If you’re tired of paying for gasoline, and excited about EVs (electric vehicles), and in particular what Tesla is doing, you should go to Tesla Rumors for articles and economic comparisons of the Tesla Model S to other vehicles.


    You can also get there directly by going to


  • Anonymous

    karma has smaller range

  • tapra1

    Tesla could deliver a winner—if the company and its executives stay focused, avoid controversy, and deliver on the big promise of the Model S.Best Windows Hosting

  • Anonymous

    I like how all the haters of American entrepreneurship that posted two years ago are completely false with their claims.

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  • Steveb61

    They left out a zero. I was just on the Tesla website. The deposit is $5000, not $500.

  • scrap metal

    I like what you guys are up too. This sort of clever work and coverage!
    Keep up the good works guys I’ve included you guys to our blogroll.

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  • ToddRLockwood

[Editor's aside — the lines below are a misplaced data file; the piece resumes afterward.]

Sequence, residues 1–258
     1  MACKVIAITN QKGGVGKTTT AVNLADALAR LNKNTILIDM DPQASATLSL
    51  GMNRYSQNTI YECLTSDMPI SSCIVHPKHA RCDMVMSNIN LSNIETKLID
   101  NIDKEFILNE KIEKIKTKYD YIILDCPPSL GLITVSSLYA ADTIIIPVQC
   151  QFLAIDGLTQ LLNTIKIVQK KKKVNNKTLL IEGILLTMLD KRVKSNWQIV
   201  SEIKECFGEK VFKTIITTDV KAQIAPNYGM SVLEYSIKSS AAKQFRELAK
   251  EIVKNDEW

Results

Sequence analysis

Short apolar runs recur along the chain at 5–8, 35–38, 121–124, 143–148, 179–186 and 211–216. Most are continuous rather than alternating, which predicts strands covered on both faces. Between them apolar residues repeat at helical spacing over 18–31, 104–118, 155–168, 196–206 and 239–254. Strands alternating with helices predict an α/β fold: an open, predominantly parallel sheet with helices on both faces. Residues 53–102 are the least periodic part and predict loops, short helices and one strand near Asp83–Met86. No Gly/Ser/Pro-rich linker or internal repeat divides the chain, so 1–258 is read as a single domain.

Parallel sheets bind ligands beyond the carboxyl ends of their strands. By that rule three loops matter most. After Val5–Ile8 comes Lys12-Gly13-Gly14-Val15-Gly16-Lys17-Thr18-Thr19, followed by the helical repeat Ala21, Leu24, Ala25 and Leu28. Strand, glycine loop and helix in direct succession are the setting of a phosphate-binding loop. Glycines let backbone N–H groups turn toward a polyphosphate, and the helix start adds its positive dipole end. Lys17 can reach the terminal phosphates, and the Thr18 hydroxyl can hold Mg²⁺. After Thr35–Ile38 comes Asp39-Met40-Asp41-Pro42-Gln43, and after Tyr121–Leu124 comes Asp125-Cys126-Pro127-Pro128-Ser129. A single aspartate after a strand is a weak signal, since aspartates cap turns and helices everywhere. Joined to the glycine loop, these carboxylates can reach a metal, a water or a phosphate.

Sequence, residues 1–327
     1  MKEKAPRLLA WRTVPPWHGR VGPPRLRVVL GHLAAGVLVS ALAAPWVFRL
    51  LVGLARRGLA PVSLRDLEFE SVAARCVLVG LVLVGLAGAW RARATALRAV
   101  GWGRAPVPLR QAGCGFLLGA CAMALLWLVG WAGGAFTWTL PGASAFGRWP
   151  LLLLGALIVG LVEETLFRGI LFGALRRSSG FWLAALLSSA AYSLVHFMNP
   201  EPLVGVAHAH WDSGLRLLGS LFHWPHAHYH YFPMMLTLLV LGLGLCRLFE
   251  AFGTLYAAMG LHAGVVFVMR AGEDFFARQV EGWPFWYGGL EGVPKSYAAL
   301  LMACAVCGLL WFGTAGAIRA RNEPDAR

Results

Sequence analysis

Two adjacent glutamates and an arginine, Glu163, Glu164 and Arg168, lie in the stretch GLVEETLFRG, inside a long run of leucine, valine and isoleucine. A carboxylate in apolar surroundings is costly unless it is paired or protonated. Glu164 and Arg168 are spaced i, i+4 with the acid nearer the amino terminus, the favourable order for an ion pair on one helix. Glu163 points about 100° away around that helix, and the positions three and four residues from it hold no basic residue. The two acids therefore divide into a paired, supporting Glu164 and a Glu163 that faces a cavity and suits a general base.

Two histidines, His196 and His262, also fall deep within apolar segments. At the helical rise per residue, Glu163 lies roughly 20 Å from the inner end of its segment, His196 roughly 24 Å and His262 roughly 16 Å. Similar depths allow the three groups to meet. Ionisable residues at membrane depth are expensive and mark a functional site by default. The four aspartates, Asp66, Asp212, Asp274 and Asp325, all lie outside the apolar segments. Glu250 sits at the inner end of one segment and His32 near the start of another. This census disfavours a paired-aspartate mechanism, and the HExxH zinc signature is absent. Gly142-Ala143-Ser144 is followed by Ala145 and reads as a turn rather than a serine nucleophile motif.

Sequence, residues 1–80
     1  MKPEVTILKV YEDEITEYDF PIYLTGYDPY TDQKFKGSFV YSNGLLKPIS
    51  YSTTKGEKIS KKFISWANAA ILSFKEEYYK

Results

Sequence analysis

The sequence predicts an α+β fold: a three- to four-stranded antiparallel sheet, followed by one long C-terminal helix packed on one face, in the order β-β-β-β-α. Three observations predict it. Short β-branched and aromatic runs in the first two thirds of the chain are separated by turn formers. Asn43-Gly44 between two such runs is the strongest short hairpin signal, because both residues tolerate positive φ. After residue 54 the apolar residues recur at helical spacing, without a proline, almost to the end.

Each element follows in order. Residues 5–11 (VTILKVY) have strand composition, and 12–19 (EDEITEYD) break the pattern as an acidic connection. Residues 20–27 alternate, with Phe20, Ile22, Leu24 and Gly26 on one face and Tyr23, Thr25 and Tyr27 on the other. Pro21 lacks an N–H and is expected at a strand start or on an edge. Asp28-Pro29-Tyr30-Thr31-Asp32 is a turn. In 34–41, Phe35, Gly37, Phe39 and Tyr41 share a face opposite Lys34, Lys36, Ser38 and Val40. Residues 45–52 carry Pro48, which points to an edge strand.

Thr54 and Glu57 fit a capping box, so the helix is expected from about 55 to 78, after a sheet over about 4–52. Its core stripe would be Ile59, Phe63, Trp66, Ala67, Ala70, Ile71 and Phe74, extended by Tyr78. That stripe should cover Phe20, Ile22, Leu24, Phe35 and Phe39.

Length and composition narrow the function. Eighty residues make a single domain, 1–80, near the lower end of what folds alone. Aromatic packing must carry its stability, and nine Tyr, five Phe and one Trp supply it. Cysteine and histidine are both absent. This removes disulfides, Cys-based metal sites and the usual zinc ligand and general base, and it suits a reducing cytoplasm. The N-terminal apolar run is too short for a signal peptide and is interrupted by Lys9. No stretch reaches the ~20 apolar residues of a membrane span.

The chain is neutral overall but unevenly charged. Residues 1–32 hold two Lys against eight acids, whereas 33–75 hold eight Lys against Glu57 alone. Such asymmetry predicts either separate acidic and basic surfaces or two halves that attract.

Before writing off the Model S as another U.S. taxpayer boondoggle to benefit the wealthy, let’s not forget that flat screen televisions that now cost $500 were $10,000+ when they were first introduced. Tesla is already supplying some of its EV drive train technology to Toyota, so the benefits for the average car buyer may happen sooner than you think. The $450 million that the government loaned to Tesla was not a “bailout.” The money came from the Department of Energy, for the sole purpose of developing the Model S sedan. It would appear that Tesla has exceeded DOE’s expectations. With the Model S, Tesla has demonstrated that electric powered cars can dramatically save on fuel cost and help the environment. The argument that the pollution problem is just pushed off to the power plants is false: a gas-powered car produces substantially more pollution in 300 miles than a coal-powered power plant does to propel a Model S for the same distance. As for energy cost, a 300-mile “fill up” in the Model S costs about $7 vs. $75 for the typical luxury performance sedan. If you commute between 50 and 100 miles every day, there will most definitely be an EV in your future.

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  • Tom

    And don’t forget to add the polluting oil industry to get the gasoline to the consumers. I bet this is much worse than the production of let’s say batteries and the other car parts